Elektra Health, a next-gen digital health platform that empowers women navigating menopause with evidence-based virtual care, education, and peer support, today released their Actuarial Menopause Cost Report.1
Elektra’s study is the first of its kind in a decade to investigate the healthcare costs incurred by menopausal women ages 40 to 60 according to actuarial analysis of claims data. The report is based on the 2021 MarketScan Commercial Claims data2 of 2.6 million women aged 40 to 60.
50 million women are currently navigating menopause in the U.S. However less than 20% of OB/GYN residency programs offer menopause training.4 This widespread lack of training — coupled with overburdened providers and enduring stigmas around menopause and aging — results in a massive care gap (70% of women who seek menopause care do not receive adequate treatment5). Elektra’s findings, along with existing research and patient experience, confirm that menopause remains overwhelmingly under-diagnosed and under-treated.
The report also underscores the close link between menopause and comorbid chronic conditions disproportionately impacting women, a link that has been established through decades of academic research.6–7 The data suggest patients with menopause symptoms are sicker generally, driving higher incremental healthcare costs and utilization of services.
“Menopause costs are hiding in plain sight, and engaging women around their menopausal health has far-reaching implications,” says Alessandra Henderson, Co-Founder & CEO at Elektra. “With proper menopause care, we can engage women around broader preventative health and chronic conditions, which worsen over time. In this way, menopause should be considered akin to other conditions driving significant costs, such as diabetes or hypertension.”
Nathan Kleinman, PhD, is the principal author of the 2013 study, “Direct and indirect costs of women diagnosed with menopause symptoms”,8 one of the most significant papers written on the subject to date. He said, “The results of the new Elektra study on the cost differences between women with and without diagnosed menopause symptoms are compelling and highlight the need for additional focus and care in this area. This need has grown over the decade since our study on this topic was published.”
“This study builds on past research on the economic impact of menopause but only scratches the surface. We must collaborate with all stakeholders – patients, health plans, providers – to better address patients’ symptoms and the risk of chronic conditions, and improve access to informed care,” says Jannine Versi, Co-Founder & COO at Elektra. “Today, many menopausal women are seen by multiple specialists (e.g., neurology, psychiatry, cardiology) and undergo testing that may not be necessary nor evidence-based according to the North American Menopause Society.9 Elektra’s care model is built by menopause-trained gynecologists to address the root cause of such symptoms, thus improving health outcomes and reducing costs in this time of transition and for decades beyond.”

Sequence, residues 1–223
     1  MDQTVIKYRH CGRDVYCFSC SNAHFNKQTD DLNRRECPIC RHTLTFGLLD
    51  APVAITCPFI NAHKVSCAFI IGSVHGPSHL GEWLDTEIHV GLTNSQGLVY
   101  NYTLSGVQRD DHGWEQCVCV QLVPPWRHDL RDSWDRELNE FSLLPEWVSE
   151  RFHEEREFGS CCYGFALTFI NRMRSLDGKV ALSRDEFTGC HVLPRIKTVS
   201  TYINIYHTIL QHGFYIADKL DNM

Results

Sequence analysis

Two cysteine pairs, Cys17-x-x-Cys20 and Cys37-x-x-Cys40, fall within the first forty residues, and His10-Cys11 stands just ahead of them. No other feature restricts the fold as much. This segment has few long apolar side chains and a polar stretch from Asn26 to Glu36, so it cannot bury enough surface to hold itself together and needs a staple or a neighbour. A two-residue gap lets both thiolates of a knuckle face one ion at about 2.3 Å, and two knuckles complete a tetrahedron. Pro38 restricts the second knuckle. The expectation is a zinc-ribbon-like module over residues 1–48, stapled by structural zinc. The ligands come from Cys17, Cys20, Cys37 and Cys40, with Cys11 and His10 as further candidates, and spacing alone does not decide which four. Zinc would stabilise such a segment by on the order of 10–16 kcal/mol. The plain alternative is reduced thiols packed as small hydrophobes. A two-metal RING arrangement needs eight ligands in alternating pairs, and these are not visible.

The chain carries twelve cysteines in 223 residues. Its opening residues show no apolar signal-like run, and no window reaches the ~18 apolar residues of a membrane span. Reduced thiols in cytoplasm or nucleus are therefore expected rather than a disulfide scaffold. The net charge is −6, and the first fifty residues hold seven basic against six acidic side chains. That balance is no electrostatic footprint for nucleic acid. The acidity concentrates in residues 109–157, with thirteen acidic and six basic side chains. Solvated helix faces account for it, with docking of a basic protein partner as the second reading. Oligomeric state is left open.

Elektra worked with Accorded, an actuarial intelligence company, on this study. While, on an individual level, diagnosis codes on an insurance claim don’t necessarily equate to delivery of appropriate care and treatment — and vice versa — claims data in aggregate are helpful indicators of healthcare costs and utilization associated with diagnoses at the population level.
To read the findings in full, please visit: elektrahealth.com/actuarial-menopause-cost-report/.
About Elektra Health
Elektra empowers the 50+ million women currently navigating menopause with an integrative, evidence-based care model. Elektra pairs peer support and MD-vetted education with convenient telemedicine care from board-certified clinicians. Backed by leading investors Flare Capital Partners and Alexis Ohanian’s 776 fund, Elektra works with top employers and health plans across the U.S. to offer people experiencing menopause the care they deserve. To learn more, please visit elektrahealth.com.
1 Elektra Health worked with Accorded, a healthcare actuarial firm, to rigorously examine the cost and prevalence claims data associated with patients receiving a clinical diagnosis of menopause and associated comorbid conditions.
2 Merative™ MarketScan® Commercial Claims Database provides one of the longest-running and largest collections of proprietary de-identified claims data for privately and publicly insured people in the U.S. The Commercial Claims Database includes over 25M members’ eligibility and claims data from employer-sponsored plans.
3 Santoro N, et al. Menopausal Symptoms And Their Management. Endocrinol Metab Clin North Am. 2015; 44(3): 497 – 515. doi: 10.1016/j.ecl.2015.05.001.
4 Christianson M, et al. Menopause education: needs assessment of American obstetrics and gynecology residents. Menopause. 2013;20(11):1120-5. doi:10.1097/GME.0b013e31828ced7f
5 Sarrel P, et al. Incremental direct and indirect costs of untreated vasomotor symptoms. Menopause. 2015;22(3):260-266. doi:10.1097/GME.0000000000000320
6 Anagnostis P, Lambrinoudaki I, Stevenson J, Goulis D. Menopause-associated risk of cardiovascular disease. Endocr Connect. 2022; 11(4):e210537. doi:10.150/EC-21-0537.
7 Ji M, et al. Primary osteoporosis in postmenopausal women. Chronic Dis Transl Med. 2015; 1(1): 9-13. doi: 10.1016/j.cdtm.2015.02.006.
8 Kleinman N, et al. Direct and indirect costs of women diagnosed with menopause symptoms. J Occup Environ Med. 2013; 55(4): 465-470. doi: 10.1097/JOM.0b013e3182820515.
9 NAMS Position Statement. Menopause. 2022; 29(7): 767-794. doi: 10.1097/GME.0000000000002028